The CEO of the U.K.'s Prudential Regulatory Authority, Sam Woods, has hit back at criticism of its approach to implementing Europe's new Solvency II insurance capital regime.
In an October 2017 report on the implementation of Solvency II, the Treasury Select Committee — a panel of MPs that holds the U.K. Treasury to account — noted concerns that had been expressed in some submitted evidence that the PRA's approach "is overly focused on solvency — to the detriment of its secondary competition objective."
Speaking at the Association of British Insurers annual conference in London on Feb. 27, Woods said: "Some have expressed concern that the PRA's focus on prudential matters may inhibit competition. I would argue the opposite is true. Prudential regulation is integral to competition. Without minimum standards, policyholders would be much more exposed to the risks presented by imprudently run firms."
Woods argued that an absence of standards would allow unscrupulous firms to drive out better-managed ones by charging unsustainably cheap prices to grab market share.
"This perversion of competition could lead to the failure of insurers to pay out claims and reputational damage to the wider U.K. insurance market," he said.
Woods added that if a large company failed, it would increase prices for consumers because the remaining firms would have to pay for the collapse through their contributions to the U.K. Financial Services Compensation Scheme, which honors financial services firms' obligations to customers when the firms themselves are rendered unable to pay. The remaining insurers would pass on this cost to their customers, he said.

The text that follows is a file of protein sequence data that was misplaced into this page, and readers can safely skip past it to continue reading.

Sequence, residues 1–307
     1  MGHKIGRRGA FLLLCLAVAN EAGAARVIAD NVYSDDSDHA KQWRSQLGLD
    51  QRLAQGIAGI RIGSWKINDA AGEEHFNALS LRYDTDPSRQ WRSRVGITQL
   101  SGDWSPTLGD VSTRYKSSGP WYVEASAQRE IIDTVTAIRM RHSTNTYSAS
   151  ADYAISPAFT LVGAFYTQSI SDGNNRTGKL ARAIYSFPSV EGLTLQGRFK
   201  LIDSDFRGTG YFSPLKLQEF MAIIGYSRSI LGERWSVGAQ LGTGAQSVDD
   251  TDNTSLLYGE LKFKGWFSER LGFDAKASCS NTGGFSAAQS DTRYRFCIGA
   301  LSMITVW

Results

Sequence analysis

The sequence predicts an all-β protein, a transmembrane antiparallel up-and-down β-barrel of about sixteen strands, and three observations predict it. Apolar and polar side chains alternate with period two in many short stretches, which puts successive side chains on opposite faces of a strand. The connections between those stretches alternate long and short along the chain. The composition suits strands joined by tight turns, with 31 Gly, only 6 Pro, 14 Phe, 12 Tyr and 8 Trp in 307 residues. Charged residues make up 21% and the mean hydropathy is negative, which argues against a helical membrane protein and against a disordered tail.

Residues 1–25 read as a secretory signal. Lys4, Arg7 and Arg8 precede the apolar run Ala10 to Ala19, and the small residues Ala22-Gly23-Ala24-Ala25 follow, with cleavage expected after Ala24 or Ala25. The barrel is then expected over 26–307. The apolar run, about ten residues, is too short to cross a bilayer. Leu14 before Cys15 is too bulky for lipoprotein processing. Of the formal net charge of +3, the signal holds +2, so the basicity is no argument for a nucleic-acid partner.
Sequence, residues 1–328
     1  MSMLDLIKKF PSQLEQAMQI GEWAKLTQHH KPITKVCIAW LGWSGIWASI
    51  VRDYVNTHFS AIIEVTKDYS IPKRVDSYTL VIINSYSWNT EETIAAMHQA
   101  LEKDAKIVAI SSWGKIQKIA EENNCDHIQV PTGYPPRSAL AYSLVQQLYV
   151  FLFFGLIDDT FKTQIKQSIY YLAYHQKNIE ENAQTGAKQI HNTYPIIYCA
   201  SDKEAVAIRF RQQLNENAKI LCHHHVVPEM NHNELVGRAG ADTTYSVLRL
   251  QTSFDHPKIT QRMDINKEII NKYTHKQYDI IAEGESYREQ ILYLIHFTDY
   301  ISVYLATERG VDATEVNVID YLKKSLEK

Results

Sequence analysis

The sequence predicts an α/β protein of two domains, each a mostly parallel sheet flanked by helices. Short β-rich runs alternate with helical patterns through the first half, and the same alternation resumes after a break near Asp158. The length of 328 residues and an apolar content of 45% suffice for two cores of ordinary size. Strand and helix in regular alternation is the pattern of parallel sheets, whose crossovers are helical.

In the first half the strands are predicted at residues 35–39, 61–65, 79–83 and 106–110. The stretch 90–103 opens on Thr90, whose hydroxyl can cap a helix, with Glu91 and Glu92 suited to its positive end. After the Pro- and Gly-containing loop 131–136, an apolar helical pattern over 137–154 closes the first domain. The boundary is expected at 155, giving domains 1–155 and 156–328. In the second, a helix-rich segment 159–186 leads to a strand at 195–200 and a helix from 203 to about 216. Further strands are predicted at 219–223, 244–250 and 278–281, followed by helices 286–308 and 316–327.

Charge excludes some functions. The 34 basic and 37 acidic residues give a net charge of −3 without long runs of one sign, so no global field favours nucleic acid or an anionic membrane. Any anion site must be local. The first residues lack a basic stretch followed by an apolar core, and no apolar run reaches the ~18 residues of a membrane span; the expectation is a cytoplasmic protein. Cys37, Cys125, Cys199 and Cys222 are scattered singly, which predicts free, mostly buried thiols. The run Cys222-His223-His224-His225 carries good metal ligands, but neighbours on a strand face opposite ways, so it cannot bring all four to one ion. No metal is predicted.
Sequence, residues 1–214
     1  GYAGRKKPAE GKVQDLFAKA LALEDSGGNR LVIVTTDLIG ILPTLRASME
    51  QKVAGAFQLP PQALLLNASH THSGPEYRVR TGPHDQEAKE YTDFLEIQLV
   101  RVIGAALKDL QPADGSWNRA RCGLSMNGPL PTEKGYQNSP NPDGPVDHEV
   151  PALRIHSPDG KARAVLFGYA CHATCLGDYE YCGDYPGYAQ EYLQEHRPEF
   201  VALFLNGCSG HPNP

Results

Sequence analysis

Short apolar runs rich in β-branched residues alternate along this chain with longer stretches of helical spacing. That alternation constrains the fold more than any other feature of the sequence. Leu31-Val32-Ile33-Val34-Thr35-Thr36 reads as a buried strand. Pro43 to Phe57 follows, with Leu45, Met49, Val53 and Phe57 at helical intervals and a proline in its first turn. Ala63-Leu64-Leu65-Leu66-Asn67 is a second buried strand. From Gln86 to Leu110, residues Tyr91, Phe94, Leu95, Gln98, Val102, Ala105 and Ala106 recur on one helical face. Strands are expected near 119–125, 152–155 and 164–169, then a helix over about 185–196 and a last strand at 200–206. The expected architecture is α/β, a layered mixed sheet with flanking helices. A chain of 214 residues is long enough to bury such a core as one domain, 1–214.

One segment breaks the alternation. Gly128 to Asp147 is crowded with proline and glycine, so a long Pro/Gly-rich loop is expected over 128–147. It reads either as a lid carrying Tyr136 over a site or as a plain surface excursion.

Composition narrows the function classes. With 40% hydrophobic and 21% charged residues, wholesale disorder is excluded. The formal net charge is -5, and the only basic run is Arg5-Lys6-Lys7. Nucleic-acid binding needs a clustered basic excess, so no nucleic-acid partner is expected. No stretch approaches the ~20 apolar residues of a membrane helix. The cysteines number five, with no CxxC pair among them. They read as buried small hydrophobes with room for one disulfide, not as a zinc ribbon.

'Not persuaded' to change competition objective
The Treasury Select Committee report also noted calls for the PRA's competition objective, which is a secondary objective, to be promoted to a primary objective. The report highlighted oral evidence from ABI's Director General, Huw Evans, that the association's members are "overwhelmingly in favor of [competition] being an equal objective."
But Woods told the conference that he was "not persuaded of the case for giving a primary competition objective to the PRA." He said such an approach could mean giving the PRA the same competition powers as the U.K.'s Financial Conduct Authority, allowing it to conduct market studies and introduce rules to promote competition.
He added: "Given the potential for overlap with the FCA and [the U.K.'s Competition and Markets Authority], which both have specific objectives to promote competition, I would be wary of taking this route."